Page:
Synthesis Imaging of Dense Molecular Gas in the N113 HII Region of the Large Magellanic Cloud

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    We present aperture synthesis imaging of dense molecular gas in the Large Magellanic Cloud, taken with the prototype millimeter receivers of the Australia Telescope Compact Array (ATCA). Our observations of the N113 HII region reveal a condensation with a size of ~6" (1.5 pc) FWHM, detected strongly in the 1-0 lines of HCO+, HCN and HNC, and weakly in C_2H. Comparison of the ATCA observations with single-dish maps from the Mopra Telescope and sensitive spectra from the Swedish-ESO Submillimetre Telescope indicates that the condensation is a massive clump of ~10^4 solar masses within a larger ~10^5 solar mass molecular cloud. The clump is centered adjacent to a compact, obscured HII region which is part of a linear structure of radio continuum sources extending across the molecular cloud. We suggest that the clump represents a possible site for triggered star formation. Examining the integrated line intensities as a function of interferometer baseline length, we find evidence for decreasing HCO+/HCN and HCN/HNC ratios on longer baselines. These trends are consistent with a significant component of the HCO+ emission arising in an extended clump envelope and a lower HCN/HNC abundance ratio in dense cores.Comment: 10 pages, 6 figures, to appear in Ap

    Observation of HCN hyperfine line anomalies towards low- and high-mass star-forming cores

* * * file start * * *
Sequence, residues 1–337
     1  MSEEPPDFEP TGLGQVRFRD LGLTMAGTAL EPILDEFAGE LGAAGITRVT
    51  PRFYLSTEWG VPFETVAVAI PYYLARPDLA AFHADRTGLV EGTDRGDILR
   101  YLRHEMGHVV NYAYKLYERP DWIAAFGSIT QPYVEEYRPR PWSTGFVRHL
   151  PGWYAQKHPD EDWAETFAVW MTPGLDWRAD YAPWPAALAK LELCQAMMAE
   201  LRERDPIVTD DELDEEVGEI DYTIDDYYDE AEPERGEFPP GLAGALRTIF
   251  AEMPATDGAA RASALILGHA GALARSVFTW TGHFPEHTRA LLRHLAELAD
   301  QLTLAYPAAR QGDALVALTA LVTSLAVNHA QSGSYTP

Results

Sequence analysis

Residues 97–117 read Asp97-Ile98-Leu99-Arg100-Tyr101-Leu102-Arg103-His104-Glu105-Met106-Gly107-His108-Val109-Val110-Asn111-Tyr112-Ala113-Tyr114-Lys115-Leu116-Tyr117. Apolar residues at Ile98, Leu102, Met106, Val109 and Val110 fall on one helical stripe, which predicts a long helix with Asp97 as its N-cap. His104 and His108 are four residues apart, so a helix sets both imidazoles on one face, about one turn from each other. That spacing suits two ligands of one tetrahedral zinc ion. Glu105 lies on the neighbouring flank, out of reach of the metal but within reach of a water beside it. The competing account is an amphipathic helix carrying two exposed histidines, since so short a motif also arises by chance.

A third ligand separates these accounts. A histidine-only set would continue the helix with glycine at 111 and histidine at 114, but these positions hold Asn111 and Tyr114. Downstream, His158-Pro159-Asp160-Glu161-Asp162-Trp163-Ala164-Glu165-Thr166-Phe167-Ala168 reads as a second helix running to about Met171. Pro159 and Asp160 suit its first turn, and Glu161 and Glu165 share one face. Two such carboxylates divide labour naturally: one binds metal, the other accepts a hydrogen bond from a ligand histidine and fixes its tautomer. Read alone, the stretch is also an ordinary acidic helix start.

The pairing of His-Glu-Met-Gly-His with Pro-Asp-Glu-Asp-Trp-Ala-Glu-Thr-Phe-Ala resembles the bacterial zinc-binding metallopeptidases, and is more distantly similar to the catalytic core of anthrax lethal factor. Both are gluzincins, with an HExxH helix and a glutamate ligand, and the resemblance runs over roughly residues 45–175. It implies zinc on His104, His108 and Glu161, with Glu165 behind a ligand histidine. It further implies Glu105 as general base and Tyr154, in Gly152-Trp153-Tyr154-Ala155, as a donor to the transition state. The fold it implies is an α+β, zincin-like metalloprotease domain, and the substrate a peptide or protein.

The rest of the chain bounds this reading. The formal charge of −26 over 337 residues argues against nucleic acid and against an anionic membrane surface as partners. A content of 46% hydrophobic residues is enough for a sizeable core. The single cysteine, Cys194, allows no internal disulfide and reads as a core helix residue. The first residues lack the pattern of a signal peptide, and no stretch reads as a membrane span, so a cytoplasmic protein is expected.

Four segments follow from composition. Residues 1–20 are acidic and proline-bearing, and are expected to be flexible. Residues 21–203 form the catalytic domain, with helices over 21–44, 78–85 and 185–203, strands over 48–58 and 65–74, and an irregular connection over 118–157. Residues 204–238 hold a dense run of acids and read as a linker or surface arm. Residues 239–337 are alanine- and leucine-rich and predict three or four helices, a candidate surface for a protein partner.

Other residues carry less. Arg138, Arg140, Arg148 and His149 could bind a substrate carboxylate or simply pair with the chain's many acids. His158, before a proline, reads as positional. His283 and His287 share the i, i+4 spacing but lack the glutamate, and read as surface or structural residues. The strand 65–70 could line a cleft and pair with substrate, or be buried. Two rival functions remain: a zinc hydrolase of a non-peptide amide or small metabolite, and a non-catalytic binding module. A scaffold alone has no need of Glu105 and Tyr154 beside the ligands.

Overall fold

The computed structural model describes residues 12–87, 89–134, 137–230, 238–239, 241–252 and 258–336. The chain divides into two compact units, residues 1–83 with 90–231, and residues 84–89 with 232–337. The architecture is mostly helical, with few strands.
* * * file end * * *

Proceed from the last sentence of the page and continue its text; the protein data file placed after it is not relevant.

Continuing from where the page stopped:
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    HCN is becoming a popular choice of molecule for studying star formation in both low- and high-mass regions and for other astrophysical sources from comets to high-redshift galaxies. However, a major and often overlooked difficulty with HCN is that it can exhibit non-local thermodynamic equilibrium (non-LTE) behaviour in its hyperfine line structure. Individual hyperfine lines can be strongly boosted or suppressed. In low-mass star-forming cloud observations, this could possibly lead to large errors in the calculation of opacity and excitation temperature, while in massive star-forming clouds, where the hyperfine lines are blended due to turbulent broadening, errors will arise in infall measurements that are based on the separation of the peaks in a self-absorbed profile. The underlying line shape cannot be known for certain if hyperfine anomalies are present. We present a first observational investigation of these anomalies across a range of conditions and transitions by carrying out a survey of low-mass starless cores (in Taurus & Ophiuchus) and high-mass protostellar objects (in the G333 giant molecular cloud) using hydrogen cyanide (HCN) J=1-0 and J=3-2 emission lines. We quantify the degree of anomaly in these two rotational levels by considering ratios of individual hyperfine lines compared to LTE values. We find that all the cores observed show some degree of anomaly while many of the lines are severely anomalous. We conclude that HCN hyperfine anomalies are common in both lines in both low-mass and high-mass protostellar objects, and we discuss the differing hypotheses for the generation of the anomalies. In light of the results, we favour a line overlap effect for the origins of the anomalies. We discuss the implications for the use of HCN as a dynamical tracer and suggest in particular that the J=1-0, F=0-1 hyperfine line should be avoided in quantitative calculations.Comment: 17 pages, 8 figure